While the ITC imposes a "domestic industry" requirement, access to the ITC is not limited to US based entities. Foreign complainants can meet the requirement either by conducting part of their manufacturing, testing, or packaging activities in the United States or by engaging in other activities, such as inventive, research, and/or licensing activities in the United States.

Why the ITC may be an attractive forum

The ITC can be an attractive forum for patent owners, especially those in the rapidly evolving SSL industry. First, the ITC is fast. The evidentiary hearing typically occurs within seven to ten months after filing the complaint (vs. two or more years in many US district courts), and target dates for completion of an investigation and issuance of any remedial order are generally set for less than sixteen months.

Every phase of an ITC proceeding offers potential time gains over some US district courts. Discovery requests typically have a ten-day response period and briefing schedules are accelerated. Respondents, unless diligent, can quickly fall behind, especially in early stages of the investigation.

Second, ITC ALJ's tend to be patent savvy. Each ALJ has a docket limited to IP cases, most constituting patent infringement investigations, and it is not uncommon for ALJ's to preside over multiple patent infringement hearings in a single year. At this rate, even new ALJ's quickly become immersed in complex patent-related issues and gain valuable experience in deciding issues unique to patent law.

Third, there are no juries at the ITC. Evidentiary hearings at the ITC proceed before the ALJ alone, which can eliminate at least one source of uncertainty often associated with US district court actions.

Fourth, the ITC enables broad reaching discovery. The ITC has nationwide subpoena jurisdiction, which can facilitate discovery, especially from third parties. Additionally, information can readily be obtained from foreign entities, without having to wait for service of process to be perfected or for resolution of personal jurisdiction issues. The ITC serves the Complaint, and its rules allow for the immediate service of discovery. Issues of personal jurisdiction are largely irrelevant in ITC investigations due to the in rem nature of the proceedings (meaning that the respondent need not have any physical presence in the US for the ITC to act against its products), and discovery from foreign parties can begin without delay. Although the ITC lacks authority to compel a foreign company to produce discovery, the rules provide for evidentiary sanctions for failure to produce discovery. To avoid such sanctions, foreign parties must produce all appropriate discovery, including, e.g. plant inspections outside the United States, especially in process patent cases.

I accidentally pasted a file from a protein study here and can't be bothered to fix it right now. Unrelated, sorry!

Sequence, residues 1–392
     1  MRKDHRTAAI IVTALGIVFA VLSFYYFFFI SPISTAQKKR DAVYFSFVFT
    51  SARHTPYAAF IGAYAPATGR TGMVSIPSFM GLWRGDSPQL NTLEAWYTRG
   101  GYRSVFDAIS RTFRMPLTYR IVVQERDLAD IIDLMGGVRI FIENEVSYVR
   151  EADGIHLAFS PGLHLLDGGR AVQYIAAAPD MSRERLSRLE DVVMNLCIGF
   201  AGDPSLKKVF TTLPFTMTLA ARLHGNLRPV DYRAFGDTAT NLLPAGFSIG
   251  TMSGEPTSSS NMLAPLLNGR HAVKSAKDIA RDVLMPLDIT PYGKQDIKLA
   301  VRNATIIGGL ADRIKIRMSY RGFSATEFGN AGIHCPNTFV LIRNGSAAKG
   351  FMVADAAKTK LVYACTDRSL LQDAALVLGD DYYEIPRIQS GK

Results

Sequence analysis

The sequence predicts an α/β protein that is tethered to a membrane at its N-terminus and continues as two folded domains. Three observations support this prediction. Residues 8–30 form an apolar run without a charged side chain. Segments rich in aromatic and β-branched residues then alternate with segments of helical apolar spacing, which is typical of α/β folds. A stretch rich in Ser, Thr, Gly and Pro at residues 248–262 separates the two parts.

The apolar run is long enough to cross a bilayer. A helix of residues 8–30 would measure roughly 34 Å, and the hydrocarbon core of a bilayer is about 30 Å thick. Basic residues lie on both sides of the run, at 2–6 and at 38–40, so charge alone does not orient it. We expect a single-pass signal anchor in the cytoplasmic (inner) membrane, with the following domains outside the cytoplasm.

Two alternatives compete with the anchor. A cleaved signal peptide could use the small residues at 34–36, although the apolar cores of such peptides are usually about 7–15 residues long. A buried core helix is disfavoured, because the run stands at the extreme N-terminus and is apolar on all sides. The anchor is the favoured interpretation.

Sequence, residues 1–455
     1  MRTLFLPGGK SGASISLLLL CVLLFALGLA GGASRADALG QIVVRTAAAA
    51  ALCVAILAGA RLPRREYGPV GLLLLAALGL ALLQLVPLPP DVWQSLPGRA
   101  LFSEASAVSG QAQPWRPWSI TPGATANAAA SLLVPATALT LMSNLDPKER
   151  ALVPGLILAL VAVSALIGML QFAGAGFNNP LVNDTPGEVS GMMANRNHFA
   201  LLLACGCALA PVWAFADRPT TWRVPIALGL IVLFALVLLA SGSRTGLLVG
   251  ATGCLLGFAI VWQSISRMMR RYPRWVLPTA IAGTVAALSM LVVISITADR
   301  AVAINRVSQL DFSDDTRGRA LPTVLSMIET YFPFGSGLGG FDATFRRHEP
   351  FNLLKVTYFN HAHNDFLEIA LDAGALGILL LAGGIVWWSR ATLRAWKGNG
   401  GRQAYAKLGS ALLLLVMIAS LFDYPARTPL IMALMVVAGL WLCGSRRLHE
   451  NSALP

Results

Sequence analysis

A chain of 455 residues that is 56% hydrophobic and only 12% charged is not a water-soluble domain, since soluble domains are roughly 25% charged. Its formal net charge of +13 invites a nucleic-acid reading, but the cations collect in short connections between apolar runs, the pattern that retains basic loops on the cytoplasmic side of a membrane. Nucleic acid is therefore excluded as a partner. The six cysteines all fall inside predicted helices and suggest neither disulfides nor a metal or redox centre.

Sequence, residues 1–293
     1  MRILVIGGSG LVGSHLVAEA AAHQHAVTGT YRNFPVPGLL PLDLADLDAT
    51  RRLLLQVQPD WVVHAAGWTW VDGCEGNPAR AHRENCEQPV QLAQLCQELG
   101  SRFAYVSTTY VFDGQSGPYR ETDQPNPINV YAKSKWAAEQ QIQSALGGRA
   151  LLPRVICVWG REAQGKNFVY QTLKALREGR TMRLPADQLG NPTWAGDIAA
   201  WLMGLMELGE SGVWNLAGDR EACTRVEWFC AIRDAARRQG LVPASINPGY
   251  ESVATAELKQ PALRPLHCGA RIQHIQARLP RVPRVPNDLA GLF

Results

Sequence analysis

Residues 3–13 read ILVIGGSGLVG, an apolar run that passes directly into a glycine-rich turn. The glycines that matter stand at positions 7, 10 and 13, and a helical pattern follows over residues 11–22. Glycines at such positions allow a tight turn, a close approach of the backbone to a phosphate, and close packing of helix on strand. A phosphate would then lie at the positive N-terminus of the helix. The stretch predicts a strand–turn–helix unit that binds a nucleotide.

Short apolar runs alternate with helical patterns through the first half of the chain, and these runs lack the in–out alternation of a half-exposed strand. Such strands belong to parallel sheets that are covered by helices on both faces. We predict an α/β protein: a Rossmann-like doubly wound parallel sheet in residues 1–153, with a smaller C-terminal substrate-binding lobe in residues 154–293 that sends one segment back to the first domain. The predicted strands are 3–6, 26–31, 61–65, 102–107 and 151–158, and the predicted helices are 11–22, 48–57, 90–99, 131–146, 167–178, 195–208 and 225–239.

Fifth, and most importantly, the ITC offers complainants potentially severe remedies. While the ITC offers no money damages, it does provide the opportunity for securing injunctive relief in the form of an exclusion order (either limited or general) or a cease-and-desist order, or both. Exclusion orders mandate that infringing articles be excluded from entry into the United States, and cease-and-desist orders stop certain activities within the US, including the sale of infringing goods already held in domestic inventory. Similar types of injunctive relief have become more difficult to obtain in the US district courts in the wake of the EBay decision.

Results of an ITC proceeding

If the ITC finds that a respondent has violated Section 337, at a minimum it will issue a limited exclusion order. These orders are directed to infringing products manufactured for importation into the US, imported into the US, or sold in the US after importation by the named respondents.

General exclusion orders are broader in scope and are directed to any articles that infringe the patents-in-suit, not just the articles of the named respondents. Under a general exclusion order, a party's articles can be excluded from the US market even when that party has no relationship with the named respondents. Simply, anyone's products that fall within the scope of an ITC general exclusion order and infringe the IP rights at issue will be excluded from importation into the US market.

Cease-and-desist orders target domestic respondents with a commercially viable inventory of infringing products located in the United States. These orders generally direct such a respondent to cease its unfair acts, including selling infringing products already imported into the United States, and may seek civil penalties for violations.

By virtue of the significant risks posed by remedial orders available at the ITC, most ITC respondents quickly recognize the high-stakes nature of ITC investigations. Any company that manufactures, imports, sells or purchases imported goods risks losing access to the lucrative US market upon issuance of an ITC exclusion order. Such high risks can encourage the parties to seek early resolution to patent disputes—an attractive benefit to any SSL participant interested in expeditiously sorting out IP rights and moving forward in this promising field.